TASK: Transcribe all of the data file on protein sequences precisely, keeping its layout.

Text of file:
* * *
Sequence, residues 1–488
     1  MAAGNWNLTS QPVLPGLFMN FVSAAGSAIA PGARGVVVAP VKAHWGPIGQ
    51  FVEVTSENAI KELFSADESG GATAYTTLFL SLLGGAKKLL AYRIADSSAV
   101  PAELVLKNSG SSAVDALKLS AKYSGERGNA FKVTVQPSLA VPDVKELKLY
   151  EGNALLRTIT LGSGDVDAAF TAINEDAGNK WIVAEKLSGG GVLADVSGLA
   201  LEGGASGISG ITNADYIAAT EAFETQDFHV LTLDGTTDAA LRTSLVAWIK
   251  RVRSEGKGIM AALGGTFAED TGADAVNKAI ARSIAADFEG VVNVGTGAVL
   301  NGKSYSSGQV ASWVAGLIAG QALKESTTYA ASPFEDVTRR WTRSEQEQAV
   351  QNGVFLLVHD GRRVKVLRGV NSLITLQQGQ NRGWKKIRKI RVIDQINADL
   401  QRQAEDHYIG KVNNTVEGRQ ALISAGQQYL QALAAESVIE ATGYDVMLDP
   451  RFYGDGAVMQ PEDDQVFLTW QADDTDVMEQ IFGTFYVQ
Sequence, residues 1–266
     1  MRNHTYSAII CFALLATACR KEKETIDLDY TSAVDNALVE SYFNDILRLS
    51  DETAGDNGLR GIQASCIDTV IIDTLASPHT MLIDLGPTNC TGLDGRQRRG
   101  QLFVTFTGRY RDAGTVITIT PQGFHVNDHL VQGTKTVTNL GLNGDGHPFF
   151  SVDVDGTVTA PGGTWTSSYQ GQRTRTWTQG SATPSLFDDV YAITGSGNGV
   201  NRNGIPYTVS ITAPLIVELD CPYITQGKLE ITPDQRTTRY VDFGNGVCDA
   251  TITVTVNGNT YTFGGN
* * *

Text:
Sequence, residues 1–488
     1  MAAGNWNLTS QPVLPGLFMN FVSAAGSAIA PGARGVVVAP VKAHWGPIGQ
    51  FVEVTSENAI KELFSADESG GATAYTTLFL SLLGGAKKLL AYRIADSSAV
   101  PAELVLKNSG SSAVDALKLS AKYSGERGNA FKVTVQPSLA VPDVKELKLY
   151  EGNALLRTIT LGSGDVDAAF TAINEDAGNK WIVAEKLSGG GVLADVSGLA
   201  LEGGASGISG ITNADYIAAT EAFETQDFHV LTLDGTTDAA LRTSLVAWIK
   251  RVRSEGKGIM AALGGTFAED TGADAVNKAI ARSIAADFEG VVNVGTGAVL
   301  NGKSYSSGQV ASWVAGLIAG QALKESTTYA ASPFEDVTRR WTRSEQEQAV
   351  QNGVFLLVHD GRRVKVLRGV NSLITLQQGQ NRGWKKIRKI RVIDQINADL
   401  QRQAEDHYIG KVNNTVEGRQ ALISAGQQYL QALAAESVIE ATGYDVMLDP
   451  RFYGDGAVMQ PEDDQVFLTW QADDTDVMEQ IFGTFYVQ
Sequence, residues 1–266
     1  MRNHTYSAII CFALLATACR KEKETIDLDY TSAVDNALVE SYFNDILRLS
    51  DETAGDNGLR GIQASCIDTV IIDTLASPHT MLIDLGPTNC TGLDGRQRRG
   101  QLFVTFTGRY RDAGTVITIT PQGFHVNDHL VQGTKTVTNL GLNGDGHPFF
   151  SVDVDGTVTA PGGTWTSSYQ GQRTRTWTQG SATPSLFDDV YAITGSGNGV
   201  NRNGIPYTVS ITAPLIVELD CPYITQGKLE ITPDQRTTRY VDFGNGVCDA
   251  TITVTVNGNT YTFGGN